Kim Sarnoff and Shotaro Nakamura at work in the research office

Research

Understanding motivation, behaviour and impact in private action for public benefit.

Research at the Marshall Institute

Private action for public benefit - whether called philanthropy, charity, social entrepreneurship or the purpose-driven corporation – is experiencing both resurgence and disruption.  New mechanisms of financing, organisating and delivery raise new questions around impact; old questions of power and legitimacy remain.

Our research focuses upon mapping and analysing diverse developments in this dynamic field in both global North and South, on understanding the functions of private action for public benefit and its interaction with government and other actors, on exploring the impact of that activity in tackling the world’s most significant challenges, and on identifying ways to improve effectiveness by supporting evidence-based interventions in policy and practice.

The Institute’s areas of research fall under the following themes:

The hybrid economy and hybrid organisations

Recent decades have seen the accelerated emergence of hybrid organisations that borrow characteristics from multiple traditional economic sectors, and especially, but not exclusively, bring together profit and purpose - cooperatives, social enterprises, trading nonprofit organisations, community businesses, and purpose-driven corporations.  Hybrid mechanisms too have emerged, such as social impact bonds and impact investing.  Can hybrid organisations and hybrid mechanisms create additional and sustainable social impact and remedy some of the failures of conventional sectoral approaches?  Can they channel for social impact contrasting motivations of altruism and self-interest?  If so, what kind of hybrids? For what sort of social challenges / failures? And under what conditions and in what contexts?

Current and recent projects

Private action for public benefit, government and society

A new landscape of private action for public benefit is emerging. Boundaries between the state, market and philanthropy are increasingly fluid; the responsibility for resolving social problems seems increasingly dispersed. How can we understand the present moving frontier between market, state, and civil society? How can policy support this emergent ecosystem to enable improved social impact in different global contexts?  Areas of research interest in this field include policy analysis and development; public service delivery and the role of social enterprises and non-profit organisations; collaboration between philanthropy and the state.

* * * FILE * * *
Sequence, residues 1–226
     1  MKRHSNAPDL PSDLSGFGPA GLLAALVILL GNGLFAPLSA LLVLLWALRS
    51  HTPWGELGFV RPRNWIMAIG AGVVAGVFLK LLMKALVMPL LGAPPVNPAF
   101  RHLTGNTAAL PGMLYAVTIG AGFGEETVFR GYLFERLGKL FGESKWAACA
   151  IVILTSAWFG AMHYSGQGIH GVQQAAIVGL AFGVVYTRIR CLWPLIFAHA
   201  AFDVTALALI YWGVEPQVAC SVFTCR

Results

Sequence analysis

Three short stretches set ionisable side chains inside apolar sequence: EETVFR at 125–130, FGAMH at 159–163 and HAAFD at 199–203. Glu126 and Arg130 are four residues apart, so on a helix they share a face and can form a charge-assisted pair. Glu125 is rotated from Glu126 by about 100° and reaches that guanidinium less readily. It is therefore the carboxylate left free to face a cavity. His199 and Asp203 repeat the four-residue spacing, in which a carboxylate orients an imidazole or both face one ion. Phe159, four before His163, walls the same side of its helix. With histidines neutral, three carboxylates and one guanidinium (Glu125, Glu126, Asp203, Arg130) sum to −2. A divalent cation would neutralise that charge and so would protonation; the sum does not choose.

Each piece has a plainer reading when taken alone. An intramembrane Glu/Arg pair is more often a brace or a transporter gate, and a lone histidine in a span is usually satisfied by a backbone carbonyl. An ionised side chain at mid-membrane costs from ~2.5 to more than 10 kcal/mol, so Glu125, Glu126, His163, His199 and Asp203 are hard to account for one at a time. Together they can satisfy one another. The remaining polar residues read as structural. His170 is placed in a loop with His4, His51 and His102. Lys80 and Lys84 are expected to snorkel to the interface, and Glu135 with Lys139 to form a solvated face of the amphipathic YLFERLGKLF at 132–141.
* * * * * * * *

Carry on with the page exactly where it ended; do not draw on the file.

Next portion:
Current projects

Social justice, social entrepreneurship and philanthropy

The resurgence of private action for public benefit has been criticised for undermining democratic oversight of the public good and for entrenching existing systems of structural disadvantage. Dominant approaches to and models of social change – impact investing, social entrepreneurship, charity – are accused of reflecting elite understandings rather than the cultures of communities on the ground.  There is growing and urgent criticism of the lack of diversity in decision-making and discriminatory practice in areas such as impact investing, social entrepreneurship and charity governance. More positively, there is recognition of the significance and power of grass-roots movements for social change. In what ways can private action contribute to social justice and to the redistribution of power? How can philanthropy, social entrepreneurship and other forms of private action become more inclusive and diverse?

Accelerating non-profit organisations for social impact

The work of the Marshall Impact Accelerator raises a set of research questions about the process of scaling social change and social purpose organisations. What are the differences and similarities between accelerating an organisation for social impact and accelerating it for profit? How do different types of non-profit organisations grow? Can models of funding and capacity-building be exported from the business world? Are there any negative effects associated with non-profit growth, and how might they be mitigated? How does an impact accelerator fit into the wider ecosystem of support and capacity-building for non-profit organisations? The objective of this research theme is to support the practice of the Marshall Impact Accelerator, to develop theory and practice more widely about the scaling and growth of social purpose organisations, and to disseminate such learning to philanthropic foundations and other social investors. The particular focus is upon the non-profit organisations.